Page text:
Greensboro City Council debates the value of trees

By Jason Hardin
Greensboro, NC (August 9, 2009)- What’s a tree worth? Chop one down and you can sell the wood for fine furniture, for paper products, for firewood. Plant a line of them, let them grow for a half-century, and you have the shimmering tunnels of green that shade the city’s most beautiful streets. And do without them in a new development entirely, and you can provide housing more affordably.

With the City Council debating a requirement that new homes come with one tree each, the value of a tree isn’t just a philosophical question, and the answer could determine whether the future Greensboro becomes a little bit greener. Landscape architect Randal Romie can rattle off a list of benefits that stem from trees. Looks. Shade. Even stemming air pollution. Beyond that, they just appeal to something fundamental in the human psyche. “We’re part of nature, is basically what it comes down to,” Romie said. “When we connect with nature, we feel better. You almost experience healing. It’s like home.”
Romie, who helped work on the proposed ordinance, said trees help define the image of the city, particularly older neighborhoods where many trees were retained and have grown since. “All we’re doing is getting back to what Greensboro is famous for- neighborhoods like Fisher Park, Lindley Park, where there are trees in every yard,” he said. “That’s what made Greensboro green, is the way they developed those subdivisions in the ’40s and ’50s.”
But it’s not always that simple, some argue. Some see trees as beautiful- in someone else’s yard. In their own, they see a looming maintenance issue, a 50-foot battering ram waiting to fall on something.
“Very often people will want the trees to be taken down,” said City Councilwoman Sandra Anderson Groat, who has developed housing aimed at lower-income buyers. “They’re worried about the possibility of maintenance.” Beyond that, keeping or adding trees adds to the cost of creating housing, she said. When aiming for an affordable niche, every decision that affects the bottom line is critical. “If you’re trying to build a really quality home at the lowest price possible, it’s tough,” Groat said. “Is it better for a family not to have trees on their lot or not to be able to buy a home at all?”
Increasingly, though, providing trees is becoming customary. Wade Jurney, who builds homes aimed at a lower price point, said one tree is planted along with every new home. In part, it’s a business decision – having the trees, which cost about $100 each, helps the homes sell. “I think the value that it adds is more than the cost,” he said. In fact, some studies suggest that homes with trees sell for higher prices than those without.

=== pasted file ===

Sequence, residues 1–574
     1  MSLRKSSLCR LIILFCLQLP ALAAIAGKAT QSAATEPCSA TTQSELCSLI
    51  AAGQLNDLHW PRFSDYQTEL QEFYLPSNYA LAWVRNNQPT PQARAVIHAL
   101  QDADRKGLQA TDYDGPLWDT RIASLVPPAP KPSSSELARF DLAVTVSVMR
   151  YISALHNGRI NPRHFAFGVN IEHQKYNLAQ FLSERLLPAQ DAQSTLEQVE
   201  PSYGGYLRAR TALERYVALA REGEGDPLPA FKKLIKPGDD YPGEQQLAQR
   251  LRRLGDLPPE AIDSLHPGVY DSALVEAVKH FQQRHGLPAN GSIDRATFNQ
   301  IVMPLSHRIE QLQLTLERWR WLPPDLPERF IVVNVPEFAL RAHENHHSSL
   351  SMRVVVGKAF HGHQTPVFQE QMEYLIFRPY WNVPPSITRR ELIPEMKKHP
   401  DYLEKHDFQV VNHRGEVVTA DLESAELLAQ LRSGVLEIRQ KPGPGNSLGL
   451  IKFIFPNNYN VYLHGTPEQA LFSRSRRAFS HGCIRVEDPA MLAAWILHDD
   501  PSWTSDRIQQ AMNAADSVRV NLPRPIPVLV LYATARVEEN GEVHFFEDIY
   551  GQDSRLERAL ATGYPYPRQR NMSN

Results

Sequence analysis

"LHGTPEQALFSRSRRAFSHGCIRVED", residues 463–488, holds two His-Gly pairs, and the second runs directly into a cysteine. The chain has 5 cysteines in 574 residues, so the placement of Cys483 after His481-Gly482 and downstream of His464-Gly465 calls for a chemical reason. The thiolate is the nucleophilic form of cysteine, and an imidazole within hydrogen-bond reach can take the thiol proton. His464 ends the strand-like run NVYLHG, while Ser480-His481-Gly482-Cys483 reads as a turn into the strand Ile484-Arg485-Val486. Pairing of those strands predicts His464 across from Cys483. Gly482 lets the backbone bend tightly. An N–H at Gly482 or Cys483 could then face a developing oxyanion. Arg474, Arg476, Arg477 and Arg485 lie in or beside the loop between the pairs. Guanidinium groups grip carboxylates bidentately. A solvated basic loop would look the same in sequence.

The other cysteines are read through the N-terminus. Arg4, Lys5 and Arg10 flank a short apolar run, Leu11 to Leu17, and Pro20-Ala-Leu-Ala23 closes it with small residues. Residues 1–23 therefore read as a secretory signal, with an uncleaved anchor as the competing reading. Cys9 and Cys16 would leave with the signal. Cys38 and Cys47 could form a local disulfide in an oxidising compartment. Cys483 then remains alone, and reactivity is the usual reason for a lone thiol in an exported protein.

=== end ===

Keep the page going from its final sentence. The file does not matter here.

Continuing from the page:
“I haven’t met many people who don’t like trees,” Jurney said. The difference in atmosphere between neighborhoods with trees and those without can be stark. Some streets suggest wooded cathedrals, with limbs that form vaulted ceilings above the road and sidewalks below. Near houses or apartments, the effect can be like being in an outdoor living room. Others resemble a scene from the Great Plains, with long sight lines and an open feel. The scattered trees sometimes look like they’re years away from withstanding a fierce storm, let alone casting any shade.
The requirement, which is part of an extensive rewrite of the city’s land development rules, has gone through some twists and turns. A committee Romie served on had recommended a requirement that offered a range of options that would have, on balance, meant more than one tree. But that got tossed in favor of the one-tree-per-house proposal.
“It’s better than what we have, because what we have is nothing…” he said. “But it’s not much.” On the other hand, Groat prefers no requirement. If there has to be one, it should exempt less expensive homes, she said. Still, it is possible to mix trees and affordable housing.
Becky Kates, who lives in the Glenwood neighborhood, mentions a Habitat for Humanity project that left large trees around three new homes. “It really made a huge difference in integrating the homes into the neighborhood,” she said. “If you drove down the street, you wouldn’t have any idea they were built a year and a half ago.” Her own home is surrounded by mature trees- oak, hickory, crape myrtle- casting shade and beautifying the area. They even help cut down on power bills by keeping the house cooler.
In fact, those trees were one of the reasons Kates picked an older neighborhood to live in. “It doesn’t make any sense to me to chop all the trees down and then just plant new trees,” she said. “You don’t have to wait 30 years for these little trees that the developer planted in the front yard to actually grow to make an impact.” Kates has a simple answer for the appeal of having trees around. “It’s just prettier.”
Related Resources:
Greensboro News Record- Greensboro City Council debates the value of trees
Greensboro New Record- New City Rule? Tree in Every Yard
Greensrboro Land Development Ordinance Rewrite